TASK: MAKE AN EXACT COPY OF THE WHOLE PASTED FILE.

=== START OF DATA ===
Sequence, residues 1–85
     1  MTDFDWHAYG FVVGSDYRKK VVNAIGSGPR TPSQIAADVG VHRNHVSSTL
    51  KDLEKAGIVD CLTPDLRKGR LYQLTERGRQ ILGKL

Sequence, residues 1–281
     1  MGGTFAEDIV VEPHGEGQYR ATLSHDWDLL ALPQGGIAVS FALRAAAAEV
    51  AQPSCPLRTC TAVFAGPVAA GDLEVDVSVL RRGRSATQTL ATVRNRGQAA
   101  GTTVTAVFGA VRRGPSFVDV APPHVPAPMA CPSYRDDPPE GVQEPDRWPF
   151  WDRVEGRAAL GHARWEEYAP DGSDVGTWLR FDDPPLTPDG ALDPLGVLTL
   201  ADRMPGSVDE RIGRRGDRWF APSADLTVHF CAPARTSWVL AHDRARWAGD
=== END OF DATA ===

Sequence, residues 1–85
     1  MTDFDWHAYG FVVGSDYRKK VVNAIGSGPR TPSQIAADVG VHRNHVSSTL
    51  KDLEKAGIVD CLTPDLRKGR LYQLTERGRQ ILGKL

Sequence, residues 1–281
     1  MGGTFAEDIV VEPHGEGQYR ATLSHDWDLL ALPQGGIAVS FALRAAAAEV
    51  AQPSCPLRTC TAVFAGPVAA GDLEVDVSVL RRGRSATQTL ATVRNRGQAA
   101  GTTVTAVFGA VRRGPSFVDV APPHVPAPMA CPSYRDDPPE GVQEPDRWPF
   151  WDRVEGRAAL GHARWEEYAP DGSDVGTWLR FDDPPLTPDG ALDPLGVLTL
   201  ADRMPGSVDE RIGRRGDRWF APSADLTVHF CAPARTSWVL AHDRARWAGD